“Fossils,” “Equinox” and “a beautiful thing”

“Fossils,” “Equinox” and “a beautiful thing”


250 million years ago

an ancient cephalopod

once stretched upon granite

and Time remembers

a tail dragging in thirsty sand.

Meanwhile, She is getting away from us:

a child no one sees

wanders off into cornfields

and is gone

before anyone starts searching.

Time whispers finite between each breath of stratus,

Earth’s organs begin to shutdown

Folding rocks, spewing sediment

A clock ticks–

days are slightly warmer.

Though we measure ourselves in Jurassic proportion,

Time calls us ammonites:

prolific shells of life

strewn across dimension–

too small to be an eon or an epoch.


Three days after the cat was shot,

we celebrated the solstice.

She had been running, an extended trot,

Across the upper pasture;

It was noon and the sun hugged warmly,

Albeit mid-December.

She had just passed the lone oak tree

When the shot rang out.

A boarder said she skipped and fell

Then ran straight to the water trough before her little legs folded and her body dropped.

And just like that,

It was finished. She was gone.

I did not witness any of this; I was out.

But the boarder said that’s all there was to tell.

For days when I told this story

People questioned,

Oh my, is she okay?

I would repeat,

No, she was shot.

People are like that–always looking for a bright lining.

A neighbor had heard the shot and stepped into our pasture.

He borrowed a shovel and tossed sweet Dinky into the tree-line.

I missed that part, too.

Got home just in time to see him hanging up our shovel.

I fought the urge to go find her body,

Lying limp in the brambles,

But imagined:

A hole gouged into her shoulder or belly.

Red trickling down her black and white coat:

A flag of colors, surrendered.

Maimed by Death,

I pondered purpose and perpetrator.

Who? Why?

My heart dropped,

And nestled into natural laws and physics.

Inertia and mass are just like that, I reasoned,

finding odd comfort that despite the noontime homicide,

Laws of Nature were upheld.

And then three days later we arched our necks

in the twilight and searched above that very pasture line,

where Dinky had long stretched and run.

I remembered her black and white and the long tail-line.

And right above that spot where the boarder says she dropped,

There in the night-sky,

a celestial light

floating in our season’s first winter night,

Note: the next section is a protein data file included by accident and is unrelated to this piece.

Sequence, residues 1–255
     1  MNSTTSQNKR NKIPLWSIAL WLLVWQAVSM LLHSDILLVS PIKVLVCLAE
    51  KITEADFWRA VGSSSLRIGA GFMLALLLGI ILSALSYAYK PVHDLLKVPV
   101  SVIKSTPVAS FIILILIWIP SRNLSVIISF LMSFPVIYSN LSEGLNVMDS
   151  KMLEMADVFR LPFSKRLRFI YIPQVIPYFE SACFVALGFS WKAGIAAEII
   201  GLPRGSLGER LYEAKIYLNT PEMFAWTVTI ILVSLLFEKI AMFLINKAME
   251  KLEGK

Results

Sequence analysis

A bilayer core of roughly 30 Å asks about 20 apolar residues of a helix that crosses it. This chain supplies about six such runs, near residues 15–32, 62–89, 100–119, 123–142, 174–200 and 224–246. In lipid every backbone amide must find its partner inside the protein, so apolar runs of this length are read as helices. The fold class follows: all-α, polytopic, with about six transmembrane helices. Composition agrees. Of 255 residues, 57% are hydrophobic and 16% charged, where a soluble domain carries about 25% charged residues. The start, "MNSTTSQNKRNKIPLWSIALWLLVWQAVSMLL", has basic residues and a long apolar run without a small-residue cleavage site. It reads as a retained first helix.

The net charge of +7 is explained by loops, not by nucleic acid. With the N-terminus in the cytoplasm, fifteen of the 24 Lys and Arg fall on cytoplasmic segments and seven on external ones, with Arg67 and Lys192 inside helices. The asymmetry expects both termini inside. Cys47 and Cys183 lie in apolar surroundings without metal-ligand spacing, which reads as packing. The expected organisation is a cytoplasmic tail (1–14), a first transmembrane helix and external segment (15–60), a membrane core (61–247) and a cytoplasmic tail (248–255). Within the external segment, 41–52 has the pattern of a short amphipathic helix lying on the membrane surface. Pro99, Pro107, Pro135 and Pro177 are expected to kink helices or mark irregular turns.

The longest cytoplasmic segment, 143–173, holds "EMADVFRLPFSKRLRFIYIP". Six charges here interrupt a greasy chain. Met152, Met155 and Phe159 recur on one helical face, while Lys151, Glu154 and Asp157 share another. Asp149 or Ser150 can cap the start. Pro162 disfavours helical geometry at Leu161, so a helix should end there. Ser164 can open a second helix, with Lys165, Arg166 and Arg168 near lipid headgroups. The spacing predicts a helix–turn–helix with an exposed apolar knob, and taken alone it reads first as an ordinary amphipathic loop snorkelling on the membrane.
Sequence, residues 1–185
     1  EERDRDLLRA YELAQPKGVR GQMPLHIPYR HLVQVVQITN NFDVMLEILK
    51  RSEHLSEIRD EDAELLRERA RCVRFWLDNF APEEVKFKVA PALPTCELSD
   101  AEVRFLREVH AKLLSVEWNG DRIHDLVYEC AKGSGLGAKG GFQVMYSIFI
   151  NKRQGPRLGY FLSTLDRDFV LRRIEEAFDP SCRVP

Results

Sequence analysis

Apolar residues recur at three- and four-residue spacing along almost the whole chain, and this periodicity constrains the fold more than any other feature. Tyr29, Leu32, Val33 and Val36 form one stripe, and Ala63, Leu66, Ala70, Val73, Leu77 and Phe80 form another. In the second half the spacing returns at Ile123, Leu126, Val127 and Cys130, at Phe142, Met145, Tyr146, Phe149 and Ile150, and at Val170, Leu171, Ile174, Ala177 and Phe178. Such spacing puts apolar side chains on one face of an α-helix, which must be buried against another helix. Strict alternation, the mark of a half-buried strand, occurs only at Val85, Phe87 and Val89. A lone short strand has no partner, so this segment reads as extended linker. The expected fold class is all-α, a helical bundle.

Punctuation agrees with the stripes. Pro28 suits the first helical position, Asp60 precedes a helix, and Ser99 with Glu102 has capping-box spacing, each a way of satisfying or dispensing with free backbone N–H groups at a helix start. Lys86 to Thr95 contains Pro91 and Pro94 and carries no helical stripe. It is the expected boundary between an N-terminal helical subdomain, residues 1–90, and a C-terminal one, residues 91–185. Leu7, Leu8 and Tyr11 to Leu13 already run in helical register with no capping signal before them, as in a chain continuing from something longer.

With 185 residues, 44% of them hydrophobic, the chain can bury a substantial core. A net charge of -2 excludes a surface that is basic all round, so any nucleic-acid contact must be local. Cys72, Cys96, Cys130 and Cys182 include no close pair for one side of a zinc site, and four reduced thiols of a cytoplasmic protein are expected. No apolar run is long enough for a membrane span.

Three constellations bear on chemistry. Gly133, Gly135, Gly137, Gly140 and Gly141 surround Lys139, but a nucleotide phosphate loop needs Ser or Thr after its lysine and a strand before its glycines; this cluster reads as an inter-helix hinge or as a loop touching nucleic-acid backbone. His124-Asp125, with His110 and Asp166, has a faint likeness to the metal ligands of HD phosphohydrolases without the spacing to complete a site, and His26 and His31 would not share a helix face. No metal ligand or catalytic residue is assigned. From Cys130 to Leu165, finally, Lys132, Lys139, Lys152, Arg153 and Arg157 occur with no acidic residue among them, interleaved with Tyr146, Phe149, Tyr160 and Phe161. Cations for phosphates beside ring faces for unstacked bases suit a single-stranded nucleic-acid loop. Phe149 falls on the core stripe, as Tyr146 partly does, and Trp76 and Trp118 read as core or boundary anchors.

marked the spot,

where light and death collide.

And I remembered:


on the other side of the globe,

it was the first eve of summer.

a beautiful thing

In spring, I leave dirt under my fingernails on purpose

and try to stain my garden jeans with loam.

Dirt. Earth.

Rich Earth,

is my obsession.

The kind you find with worms

Wriggling inside and through

Standing at the compost heap

With that old pitchfork

The one that tossed up two bunnies last spring

But stuck the third right through the ribs, poking clean through to the other side

I hadn’t thought it was that sharp in the first place

Rusty old thing

I screamed and called my daughter for help

Wishing I wasn’t the kind of mom always squealing and looking to my child for support

As if her tiny frame could catch me from stumbling

But she came.

She always did. She was a good one

And I thank God in the moment for my strength, which is really her strength, but I had the strength to bear her I

say in defense

And her tiny hands, not even gloved, gently pulled the bunny baby from the pitchfork.

My husband said we should snap its neck –

out of kindness –

But we took it and held it in a Kleenex box and fed it with a medicine dropper.

Dead by morning.

I was all twisted up

Thinking the better mom would have hidden the carcass.

Smothered it from daughter’s sight, so she wouldn’t have known we had lost it

But I let her help

Let her try and then let her fail to resuscitate.

What kind of mother lets her daughter carry the blame and guilt and walks her daughter straight into a

wall of sadness

Makes me want to step full into the compost heap

let the rich earth seep into my crevices

turn me into something good

And this isn’t about me being bad

It’s about her being better

– And that is a beautiful thing.

About the Author

Melissa LaDuc

Melissa LaDuc has been a high school English and French teacher for twenty-three years. She is a lover of trees, poetry and all things green. In 2015, she migrated from cul-de-sac, suburban living to small towns and open spaces. She now stewards a small swath of land where her husband has become a professional cowboy. Together they raise twin fifteen-year-old daughters and run Hope and Joy Farms in Woodbury, Tennessee. Her poetry appears in the international magazine, Beyond Words. When she is not reading, writing, or teaching, she is dreaming of travel. She has a penchant for planting seeds with the help of her dog, Rémy.